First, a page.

Causes and Ways to Overcome Not being able to sleep due to anxiety

Some people can not sleep because of anxiety and difficulty closing their eyes. Actually feeling anxious is something that is natural, but unfortunately it can interfere with the quality of your sleep.

Table of Content

1. Causes of not being able to sleep because of anxiety
2. How to deal with not being able to sleep because of anxiety?

For some people sleep is not just closing their eyes and then falling asleep. Although there have been various ways to sleep, but the contents of the head milling about various problems that actually do not need to be thought about.

Usually, people with panic disorder or anxiety disorder often experience not being able to sleep because of anxiety. For this reason, it is important for you to know how to deal with not being able to sleep because of anxiety because it will have an impact on various health problems.

Anxiety appears to be worse at night before bed. You can be very tired, but as soon as the lights go out, the brain immediately works so hard that it disturbs the mind. Starting from blaming yourself to worrying about the decisions you will make tomorrow are things that usually cross your head when you go to sleep at night. According To MedCircle Why Anxiety Affects Your Sleep… & Vice Versa (& How to Cope)

Causes of not being able to sleep because of anxiety

Anxiety is a normal human emotion characterized by feelings of nervousness and worry. Anxiety can come at certain times, such as a job interview or a first date. However, sometimes anxiety can last longer than usual and interfere with daily life, especially at night.

Sleep problems and anxiety seem to be intertwined. Lack of sleep can be a trigger for anxiety, and anxiety can also cause sleep deprivation.

According to the Anxiety and Depression Association of America (ADAA), more than 50% of adults say their level of anxiety affects their ability to sleep at night.

Nighttime becomes the most frequent time for anxiety to come because your mind is racing and can’t be stopped. Focusing on today’s worries or anticipating things you have to do the next day can stress you out.

This perceived stress can cause the body to experience an increase in adrenaline, making it difficult for you to sleep.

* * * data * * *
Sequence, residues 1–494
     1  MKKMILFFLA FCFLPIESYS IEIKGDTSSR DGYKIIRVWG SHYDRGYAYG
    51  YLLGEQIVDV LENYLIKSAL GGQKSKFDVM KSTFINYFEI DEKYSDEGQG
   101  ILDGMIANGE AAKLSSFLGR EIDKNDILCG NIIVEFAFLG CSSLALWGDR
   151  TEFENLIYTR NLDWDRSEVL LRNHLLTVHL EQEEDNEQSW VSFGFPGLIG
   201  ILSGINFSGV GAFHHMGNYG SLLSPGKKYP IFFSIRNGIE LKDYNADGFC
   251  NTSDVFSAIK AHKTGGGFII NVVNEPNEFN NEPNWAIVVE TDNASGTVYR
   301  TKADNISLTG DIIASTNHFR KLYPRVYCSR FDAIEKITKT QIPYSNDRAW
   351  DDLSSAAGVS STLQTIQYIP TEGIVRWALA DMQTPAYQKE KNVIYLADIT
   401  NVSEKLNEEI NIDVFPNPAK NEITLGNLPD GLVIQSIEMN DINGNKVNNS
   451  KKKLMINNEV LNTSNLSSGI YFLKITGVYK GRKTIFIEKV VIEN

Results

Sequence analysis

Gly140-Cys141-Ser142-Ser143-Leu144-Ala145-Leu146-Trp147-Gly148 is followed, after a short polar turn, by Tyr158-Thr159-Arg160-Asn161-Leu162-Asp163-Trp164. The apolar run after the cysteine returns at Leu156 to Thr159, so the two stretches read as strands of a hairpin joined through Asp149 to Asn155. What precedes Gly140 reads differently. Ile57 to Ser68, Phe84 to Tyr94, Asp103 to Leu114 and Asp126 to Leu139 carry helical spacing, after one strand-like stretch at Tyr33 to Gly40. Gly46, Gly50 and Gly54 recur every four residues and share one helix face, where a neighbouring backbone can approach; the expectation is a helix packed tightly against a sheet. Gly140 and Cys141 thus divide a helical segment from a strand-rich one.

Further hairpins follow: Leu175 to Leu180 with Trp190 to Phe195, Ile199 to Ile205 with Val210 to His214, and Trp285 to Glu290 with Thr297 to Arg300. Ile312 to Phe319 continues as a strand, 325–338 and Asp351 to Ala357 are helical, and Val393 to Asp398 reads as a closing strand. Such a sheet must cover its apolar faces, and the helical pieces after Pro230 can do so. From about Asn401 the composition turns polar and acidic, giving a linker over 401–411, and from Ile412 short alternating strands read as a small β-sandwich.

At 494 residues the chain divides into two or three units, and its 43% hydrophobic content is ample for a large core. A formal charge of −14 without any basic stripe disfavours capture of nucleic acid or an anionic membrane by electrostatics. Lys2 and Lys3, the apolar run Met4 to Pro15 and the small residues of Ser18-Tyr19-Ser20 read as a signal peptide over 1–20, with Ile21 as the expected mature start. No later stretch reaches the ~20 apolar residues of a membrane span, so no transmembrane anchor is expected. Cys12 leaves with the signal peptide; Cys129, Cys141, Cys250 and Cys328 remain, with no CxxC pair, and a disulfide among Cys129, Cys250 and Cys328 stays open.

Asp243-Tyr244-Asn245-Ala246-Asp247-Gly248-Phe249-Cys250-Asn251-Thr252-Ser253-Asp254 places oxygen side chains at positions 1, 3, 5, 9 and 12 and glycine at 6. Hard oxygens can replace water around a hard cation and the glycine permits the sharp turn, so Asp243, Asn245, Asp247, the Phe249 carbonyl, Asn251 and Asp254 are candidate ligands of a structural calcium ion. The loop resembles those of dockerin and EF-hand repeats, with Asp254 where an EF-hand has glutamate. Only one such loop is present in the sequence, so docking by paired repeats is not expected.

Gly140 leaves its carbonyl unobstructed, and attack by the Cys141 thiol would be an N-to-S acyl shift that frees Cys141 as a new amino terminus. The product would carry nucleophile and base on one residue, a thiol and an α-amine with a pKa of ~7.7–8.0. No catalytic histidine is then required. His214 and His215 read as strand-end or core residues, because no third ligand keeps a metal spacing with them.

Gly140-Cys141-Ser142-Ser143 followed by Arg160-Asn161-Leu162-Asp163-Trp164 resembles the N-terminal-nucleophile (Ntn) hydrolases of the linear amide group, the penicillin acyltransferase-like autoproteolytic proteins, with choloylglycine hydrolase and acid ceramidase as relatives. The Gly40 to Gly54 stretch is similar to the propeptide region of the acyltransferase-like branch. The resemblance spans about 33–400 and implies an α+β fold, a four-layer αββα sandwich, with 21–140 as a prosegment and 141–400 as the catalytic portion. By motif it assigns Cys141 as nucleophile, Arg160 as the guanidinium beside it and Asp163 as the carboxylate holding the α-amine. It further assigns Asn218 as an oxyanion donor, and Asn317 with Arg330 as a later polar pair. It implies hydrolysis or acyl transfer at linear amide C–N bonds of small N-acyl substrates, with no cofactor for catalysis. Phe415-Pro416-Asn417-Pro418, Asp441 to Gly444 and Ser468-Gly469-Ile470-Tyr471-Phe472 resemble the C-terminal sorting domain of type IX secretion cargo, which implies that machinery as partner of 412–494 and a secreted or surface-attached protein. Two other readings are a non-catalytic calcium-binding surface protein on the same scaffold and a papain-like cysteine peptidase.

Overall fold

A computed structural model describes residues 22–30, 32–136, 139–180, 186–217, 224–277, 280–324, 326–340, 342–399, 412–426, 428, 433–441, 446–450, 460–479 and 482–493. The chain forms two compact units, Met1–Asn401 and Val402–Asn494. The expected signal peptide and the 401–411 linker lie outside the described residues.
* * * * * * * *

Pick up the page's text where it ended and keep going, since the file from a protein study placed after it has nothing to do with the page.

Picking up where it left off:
This is supported by a 2015 study. Researchers examined the relationship between cognitive behavioral therapy ( Cognitive Behavioral Therapy ) and sleep quality in people with anxiety disorders. Researchers found that the quality of sleep and the time it took to sleep improved in the participants who underwent therapy.

How to deal with not being able to sleep because of anxiety?

Seeking professional help is the best way to deal with not being able to sleep due to anxiety. However, there are several ways you can do to help sleep faster and less anxious, namely:

1. Manage stress

Take a few deep breaths and feel the air going in and out. Try to concentrate fully on what you are doing, what you are seeing, hearing or smelling.

A therapist from Atlanta suggests a mind exercise called File It. The trick is to lie on the bed with your eyes closed. Imagine there is a desk in front of you with a lot of messy folders. Give each one a name: Tomorrow’s Work Folder, Couple’s Arguments Folder, Sadness Folder, Financial Matters Folder, and more. Then, one by one acknowledge how important all of those folders are and put them in the cupboard next to you.

Your brain will give a signal that all folders are not a threat and have been checked so that the brain will be more relaxed.

Other therapists recommend scheduling a worrying time. You will sit and worry for a while, think things over, and make plans about dealing with some of them. But do this well before bedtime so you don’t overthink.

2. Make a ritual before bed

Performing a ritual before bed will signal to the body that it is time for bed. Some people do this by meditating, taking a bath before bed, lighting scent candles, petting a cat, drinking a glass of warm milk, or reading a good book.

The most important thing is that you take time to relax and stay away from stressful activities before bed. In addition, limit exposure to the cellphone screen because it will make it more difficult for you to sleep.

3. Try to sleep at the same time

Try to establish a bedtime routine every night at the same time. Our bodies are equipped with a 24-hour internal body clock known as the circadian rhythm. This rhythm signals when to rest and when to wake up. But this rhythm requires consistency.

If you practice consistently going to bed at 10 p.m. and getting 8 hours of sleep every day, this rhythm will set in and it’ll be easier for you to fall asleep every night without having to deal with anxiety.

However, it’s also important to wake up at the same time every day, even on weekends.

4. Lying in bed only when sleepy

Lying in bed with your eyes open will only give your brain time to worry and worry. If you don’t sleep after 20 minutes, do the bedtime ritual as described in the previous point.

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